Updated Dec 1, 2019

U.K. launches review as convicted terrorist named in London Bridge attack

British Prime Minister Boris Johnson and City of London commissioner Ian Dyson visit on Saturday the scene of the London Bridge stabbing attack. Photo: Simon Dawson/WPA Pool/Getty Images

British Prime Minister Boris Johnson promised Saturday the United Kingdom was urgently reviewing its sentencing system after a convicted terrorist released early from prison killed two people in a London Bridge stabbing attack, AFP reports.

The latest: The cases of up to 70 convicted terrorists who've been released from prison could be reviewed by the government, per the BBC, which notes the London Bridge attacker, Usman Khan, 28, from Staffordshire in the West Midlands of England, had been sentenced for his role in a 2012 plan to bomb the London Stock Exchange.

  • Jack Merritt, 25, was killed by Khan, his father David Merritt confirmed via Twitter. He was a course coordinator for the Cambridge University Learning Together program that was hosting a conference at Fishmongers' Hall, from where Khan launched his attack, ITV News reports.
  • The other victim, a woman, has yet to be identified.
  • Nazir Afzal, a former chief prosecutor, claimed in a series of tweets Saturday that he had raised for years the issue of radicalized prisoners being released from prison several times, including with Johnson himself.
  • Afzal alleges Johnson told him during a 2016 meeting no funds were available to address the issue. Johnson has yet to comment on the prosecutor's claims.
Photo: Nazir Afzal/Twitter

The big picture: Police shot Khan dead after he went on the rampage during which he wounded three people while wearing what appeared to be a suicide bombing vest but which turned out to be fake.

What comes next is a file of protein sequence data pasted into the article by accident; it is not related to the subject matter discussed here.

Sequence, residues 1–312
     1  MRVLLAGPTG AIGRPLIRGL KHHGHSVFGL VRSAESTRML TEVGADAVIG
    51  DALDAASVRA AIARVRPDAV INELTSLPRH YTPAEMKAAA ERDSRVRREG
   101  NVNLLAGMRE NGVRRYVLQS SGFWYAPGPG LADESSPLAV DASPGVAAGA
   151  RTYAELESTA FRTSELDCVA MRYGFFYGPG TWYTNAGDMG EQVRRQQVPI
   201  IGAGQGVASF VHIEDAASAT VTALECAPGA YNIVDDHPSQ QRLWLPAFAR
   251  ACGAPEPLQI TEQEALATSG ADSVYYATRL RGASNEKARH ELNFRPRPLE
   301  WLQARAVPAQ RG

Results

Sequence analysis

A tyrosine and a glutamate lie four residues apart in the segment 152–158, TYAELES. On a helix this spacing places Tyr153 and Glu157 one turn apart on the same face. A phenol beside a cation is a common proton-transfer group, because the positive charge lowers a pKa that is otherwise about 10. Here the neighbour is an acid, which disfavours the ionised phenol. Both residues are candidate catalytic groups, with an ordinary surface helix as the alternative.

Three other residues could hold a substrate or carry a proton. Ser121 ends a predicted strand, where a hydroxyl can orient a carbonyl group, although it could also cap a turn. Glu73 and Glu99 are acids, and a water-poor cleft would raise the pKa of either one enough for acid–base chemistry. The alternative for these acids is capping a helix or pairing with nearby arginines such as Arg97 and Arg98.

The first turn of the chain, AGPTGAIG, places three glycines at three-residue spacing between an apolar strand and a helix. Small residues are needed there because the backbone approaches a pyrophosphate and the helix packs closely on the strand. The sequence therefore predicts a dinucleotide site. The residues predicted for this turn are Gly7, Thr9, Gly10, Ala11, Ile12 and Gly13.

Go deeper: Queen praises "brave individuals" who wrestled London Bridge attacker

Editor's note: This article has been updated with new details throughout.

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In photos: Protesters clash with police nationwide over George Floyd

Police officers grapple with protesters in Atlanta. Photo: Elijah Nouvelage/Getty Images

Police used tear gas, rubber bullets and pepper spray as the protests sparked by the killing of George Floyd spread nationwide on Friday evening and continued into Saturday.

The big picture: Police responded over the weekend in force, in cities ranging from Salt Lake City to Atlanta to Des Moines, Houston to Detroit, Milwaukee to Washington, D.C., Denver and Louisville. Large crowds gathered in Minneapolis on Saturday for the fourth day in a row.

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Photo: David Dee Delgado/Getty Images

Clashes erupted between police and protesters in several major U.S. cities Saturday night as demonstrations over the death of George Floyd and other police-related killings of black men spread across the country.

The big picture: Floyd's death in Minneapolis police custody is the latest reminder of the disparities between black and white communities in the U.S. and comes as African Americans grapple with higher death rates from the coronavirus and higher unemployment from trying to stem its spread.

Massive demonstrations put police response to unrest in the spotlight

Washington State Police use tear gas to disperse a crowd in Seattle during a demonstration protesting the death of George Floyd. Photo: Jason Redmond/AFP via Getty Images

The response of some officers during demonstrations against police brutality in the U.S. has been criticized for being excessive by some officials and Black Lives Matter leaders.

Why it matters: The situation is tense across the U.S., with reports of protesters looting and burning buildings. While some police have responded with restraint and by monitoring the protests, others have used batons, tear gas, rubber bullets and other devices to disperse protesters and, in some cases, journalists.